Okay, not really. Well, sort of. This past week, Microsoft rolled out the latest and greatest version of their flagship productivity suite, Microsoft Office 2016. On the surface, it’s not that much different from the previous version. There are some tweaks to the user interface but nothing that makes people go “Wow!” It seems cleaner, less cluttered, and more readable. Other than that, the UI is pretty much the same. There are a few big differences though between the old Office and the new Office that are noteworthy. First, is the new Share feature. Share allows documents, spreadsheets, and presentations to be shared with others without resorting to emailing attachments.
Once again, I didn’t go to Dreamforce. It is just too hard. They had over 150,000 registered attendees this year which means getting a hotel room is either expensive or impossible. Everything is difficult when you have a convention that size in any city. While not quite up to late 90’s COMDEX standards (where attendance peaked around 250,000), Dreamforce still pushes San Francisco to the limits. Luckily, Salesforce.com thoughtfully streams the keynotes which is mostly what I care about anyway. The problem was that it was actually hard to care. The majority of the first day’s keynotes were these feel good, hand waving, chanting, socially conscience speeches and interviews that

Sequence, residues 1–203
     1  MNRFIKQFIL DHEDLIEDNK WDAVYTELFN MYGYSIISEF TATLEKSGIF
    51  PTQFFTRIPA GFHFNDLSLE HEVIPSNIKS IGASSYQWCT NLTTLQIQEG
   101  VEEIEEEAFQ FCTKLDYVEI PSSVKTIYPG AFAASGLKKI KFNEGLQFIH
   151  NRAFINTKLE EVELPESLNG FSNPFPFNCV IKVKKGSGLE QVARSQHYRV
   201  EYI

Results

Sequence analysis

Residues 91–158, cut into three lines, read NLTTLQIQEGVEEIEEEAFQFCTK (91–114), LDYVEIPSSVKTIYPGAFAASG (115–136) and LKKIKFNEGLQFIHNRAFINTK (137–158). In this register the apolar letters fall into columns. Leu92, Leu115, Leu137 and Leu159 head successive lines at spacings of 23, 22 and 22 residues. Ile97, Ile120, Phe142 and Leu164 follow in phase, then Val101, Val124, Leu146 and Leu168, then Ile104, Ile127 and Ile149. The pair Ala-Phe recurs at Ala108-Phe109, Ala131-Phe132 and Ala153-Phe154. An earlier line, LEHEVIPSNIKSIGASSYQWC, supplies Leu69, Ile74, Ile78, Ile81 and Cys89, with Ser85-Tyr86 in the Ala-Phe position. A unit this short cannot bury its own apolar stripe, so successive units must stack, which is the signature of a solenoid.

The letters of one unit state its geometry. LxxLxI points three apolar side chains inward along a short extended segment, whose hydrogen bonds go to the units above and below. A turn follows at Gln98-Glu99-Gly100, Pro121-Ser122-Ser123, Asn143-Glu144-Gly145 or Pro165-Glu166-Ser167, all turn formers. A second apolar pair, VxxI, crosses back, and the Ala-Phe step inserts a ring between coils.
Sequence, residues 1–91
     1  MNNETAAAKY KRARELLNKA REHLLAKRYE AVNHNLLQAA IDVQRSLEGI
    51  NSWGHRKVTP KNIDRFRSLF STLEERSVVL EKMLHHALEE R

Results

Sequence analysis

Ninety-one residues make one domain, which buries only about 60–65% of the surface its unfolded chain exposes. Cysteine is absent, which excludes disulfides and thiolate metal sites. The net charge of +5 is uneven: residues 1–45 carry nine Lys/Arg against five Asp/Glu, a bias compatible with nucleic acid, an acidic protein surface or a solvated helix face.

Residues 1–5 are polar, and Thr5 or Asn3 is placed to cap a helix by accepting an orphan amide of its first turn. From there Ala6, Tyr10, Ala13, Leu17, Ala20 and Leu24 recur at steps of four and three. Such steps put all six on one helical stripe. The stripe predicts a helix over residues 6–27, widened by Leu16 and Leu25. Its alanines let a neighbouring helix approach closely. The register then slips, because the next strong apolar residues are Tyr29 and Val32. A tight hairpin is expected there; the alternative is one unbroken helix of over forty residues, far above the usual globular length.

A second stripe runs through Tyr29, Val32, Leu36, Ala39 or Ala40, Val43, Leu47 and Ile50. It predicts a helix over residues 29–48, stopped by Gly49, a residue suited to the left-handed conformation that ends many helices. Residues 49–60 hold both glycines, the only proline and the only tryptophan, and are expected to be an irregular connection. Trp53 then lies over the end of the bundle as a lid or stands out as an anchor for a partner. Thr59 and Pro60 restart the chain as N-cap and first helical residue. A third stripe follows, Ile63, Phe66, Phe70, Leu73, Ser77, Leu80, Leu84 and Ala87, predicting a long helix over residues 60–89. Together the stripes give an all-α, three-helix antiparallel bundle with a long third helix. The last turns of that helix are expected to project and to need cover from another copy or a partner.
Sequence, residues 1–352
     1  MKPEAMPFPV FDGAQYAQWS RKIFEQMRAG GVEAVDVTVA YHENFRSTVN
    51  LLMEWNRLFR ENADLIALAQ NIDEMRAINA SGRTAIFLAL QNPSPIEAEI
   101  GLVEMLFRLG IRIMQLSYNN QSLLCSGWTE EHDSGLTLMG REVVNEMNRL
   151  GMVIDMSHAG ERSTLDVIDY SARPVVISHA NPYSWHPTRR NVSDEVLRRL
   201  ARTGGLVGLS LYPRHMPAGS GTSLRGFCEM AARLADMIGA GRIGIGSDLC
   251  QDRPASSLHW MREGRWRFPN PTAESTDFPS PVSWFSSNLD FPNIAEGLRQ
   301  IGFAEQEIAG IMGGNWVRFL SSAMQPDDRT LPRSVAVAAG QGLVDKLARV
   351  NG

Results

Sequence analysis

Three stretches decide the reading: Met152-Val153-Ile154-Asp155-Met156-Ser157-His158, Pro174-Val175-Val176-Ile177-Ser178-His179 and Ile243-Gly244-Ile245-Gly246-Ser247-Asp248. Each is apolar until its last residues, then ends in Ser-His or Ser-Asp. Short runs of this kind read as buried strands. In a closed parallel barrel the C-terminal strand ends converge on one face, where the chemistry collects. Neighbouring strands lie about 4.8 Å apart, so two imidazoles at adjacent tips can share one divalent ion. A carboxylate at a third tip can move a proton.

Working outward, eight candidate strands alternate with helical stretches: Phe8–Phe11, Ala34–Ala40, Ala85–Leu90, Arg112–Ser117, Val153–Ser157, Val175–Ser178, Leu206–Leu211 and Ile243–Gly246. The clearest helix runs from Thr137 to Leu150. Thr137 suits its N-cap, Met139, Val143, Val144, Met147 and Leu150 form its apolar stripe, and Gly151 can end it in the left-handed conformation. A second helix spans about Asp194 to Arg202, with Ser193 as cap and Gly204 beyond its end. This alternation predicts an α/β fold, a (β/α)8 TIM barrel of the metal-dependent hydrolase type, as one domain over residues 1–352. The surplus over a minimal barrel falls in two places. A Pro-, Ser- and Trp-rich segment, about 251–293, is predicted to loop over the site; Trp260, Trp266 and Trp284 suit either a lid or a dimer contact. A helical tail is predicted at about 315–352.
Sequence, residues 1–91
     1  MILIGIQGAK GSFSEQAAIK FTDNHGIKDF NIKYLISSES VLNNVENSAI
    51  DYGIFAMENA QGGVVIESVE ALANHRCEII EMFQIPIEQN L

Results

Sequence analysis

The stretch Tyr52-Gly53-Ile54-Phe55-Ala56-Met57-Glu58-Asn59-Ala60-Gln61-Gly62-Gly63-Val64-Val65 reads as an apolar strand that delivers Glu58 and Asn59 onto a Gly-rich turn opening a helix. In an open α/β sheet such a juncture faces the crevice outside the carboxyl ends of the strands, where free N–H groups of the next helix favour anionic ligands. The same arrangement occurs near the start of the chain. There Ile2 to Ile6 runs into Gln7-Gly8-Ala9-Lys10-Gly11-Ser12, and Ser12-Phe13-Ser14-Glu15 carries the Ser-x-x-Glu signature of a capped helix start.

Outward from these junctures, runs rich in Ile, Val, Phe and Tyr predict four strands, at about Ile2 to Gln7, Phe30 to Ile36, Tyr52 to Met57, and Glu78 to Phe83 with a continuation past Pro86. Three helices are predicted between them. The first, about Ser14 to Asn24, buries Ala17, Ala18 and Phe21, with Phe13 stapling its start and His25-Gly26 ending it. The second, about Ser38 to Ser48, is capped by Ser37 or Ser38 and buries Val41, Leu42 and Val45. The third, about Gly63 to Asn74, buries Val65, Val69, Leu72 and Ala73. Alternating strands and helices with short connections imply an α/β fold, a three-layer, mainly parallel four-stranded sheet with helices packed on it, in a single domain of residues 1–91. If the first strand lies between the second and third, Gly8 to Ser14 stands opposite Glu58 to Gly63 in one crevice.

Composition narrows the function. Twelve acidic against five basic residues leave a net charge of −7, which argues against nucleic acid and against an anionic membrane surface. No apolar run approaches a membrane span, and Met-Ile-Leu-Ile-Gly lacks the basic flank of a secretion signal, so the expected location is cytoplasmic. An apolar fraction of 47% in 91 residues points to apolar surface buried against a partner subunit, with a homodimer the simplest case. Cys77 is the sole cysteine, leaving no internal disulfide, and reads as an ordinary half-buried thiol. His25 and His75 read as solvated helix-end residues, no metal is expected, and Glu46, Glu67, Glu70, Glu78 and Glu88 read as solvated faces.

When I bought my first mobile phone – a giant brick of a phone from Motorola – I had to pay for my service by the minute. On the one hand it seemed fair to pay for only the minutes I used; On the other hand it led to some surprises when the bill arrived. This was consumption pricing at its purest. I used minutes, I paid for them. Over time, mobile carriers have steadily moved away from per minute, consumption pricing to subscriptions that give unlimited or large fixed amounts of services. This has coincided with the addition of new services to consume including SMS messaging and data connections
Okay, not really. Well, sort of.
This past week, Microsoft rolled out the latest and greatest version of their flagship productivity suite, Microsoft Office 2016. On the surface, it’s not that much different from the previous version. There are some tweaks to the user interface but nothing that makes people go “Wow!” It seems cleaner, less cluttered, and more readable. Other than that, the UI is pretty much the same.